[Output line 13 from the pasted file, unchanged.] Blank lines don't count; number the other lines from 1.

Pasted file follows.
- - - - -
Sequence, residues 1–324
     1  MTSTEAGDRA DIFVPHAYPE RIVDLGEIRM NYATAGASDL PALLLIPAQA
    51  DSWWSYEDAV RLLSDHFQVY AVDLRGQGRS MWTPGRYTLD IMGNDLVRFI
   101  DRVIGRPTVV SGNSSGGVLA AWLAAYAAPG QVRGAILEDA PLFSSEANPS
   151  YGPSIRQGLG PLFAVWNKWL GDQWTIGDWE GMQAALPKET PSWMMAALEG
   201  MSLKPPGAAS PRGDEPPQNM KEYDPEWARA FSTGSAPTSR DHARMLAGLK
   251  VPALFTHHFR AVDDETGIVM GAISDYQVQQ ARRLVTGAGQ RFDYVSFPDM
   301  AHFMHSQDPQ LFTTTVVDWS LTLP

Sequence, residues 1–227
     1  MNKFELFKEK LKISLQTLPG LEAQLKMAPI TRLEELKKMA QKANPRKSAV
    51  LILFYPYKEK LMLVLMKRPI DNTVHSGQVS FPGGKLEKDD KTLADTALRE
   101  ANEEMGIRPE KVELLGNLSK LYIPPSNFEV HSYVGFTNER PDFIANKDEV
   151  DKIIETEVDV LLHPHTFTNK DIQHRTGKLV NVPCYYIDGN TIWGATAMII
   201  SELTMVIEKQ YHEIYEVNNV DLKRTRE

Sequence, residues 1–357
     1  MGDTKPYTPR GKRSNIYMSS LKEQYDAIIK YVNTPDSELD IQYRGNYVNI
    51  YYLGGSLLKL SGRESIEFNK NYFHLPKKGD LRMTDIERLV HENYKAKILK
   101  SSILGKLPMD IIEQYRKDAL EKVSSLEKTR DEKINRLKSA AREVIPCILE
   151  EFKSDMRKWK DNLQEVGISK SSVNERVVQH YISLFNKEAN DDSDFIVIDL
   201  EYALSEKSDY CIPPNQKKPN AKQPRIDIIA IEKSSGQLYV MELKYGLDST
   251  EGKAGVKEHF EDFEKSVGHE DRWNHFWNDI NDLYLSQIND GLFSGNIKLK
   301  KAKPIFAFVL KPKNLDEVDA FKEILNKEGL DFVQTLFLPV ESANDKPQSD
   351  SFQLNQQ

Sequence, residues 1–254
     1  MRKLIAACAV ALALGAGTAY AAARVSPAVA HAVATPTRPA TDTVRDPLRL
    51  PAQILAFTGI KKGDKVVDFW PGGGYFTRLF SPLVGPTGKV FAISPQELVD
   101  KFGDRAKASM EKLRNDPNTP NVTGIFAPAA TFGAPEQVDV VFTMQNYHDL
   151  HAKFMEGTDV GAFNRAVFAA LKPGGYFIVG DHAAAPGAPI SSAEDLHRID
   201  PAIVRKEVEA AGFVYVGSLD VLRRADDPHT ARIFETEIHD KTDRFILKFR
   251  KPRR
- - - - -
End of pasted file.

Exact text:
   151  DKIIETEVDV LLHPHTFTNK DIQHRTGKLV NVPCYYIDGN TIWGATAMII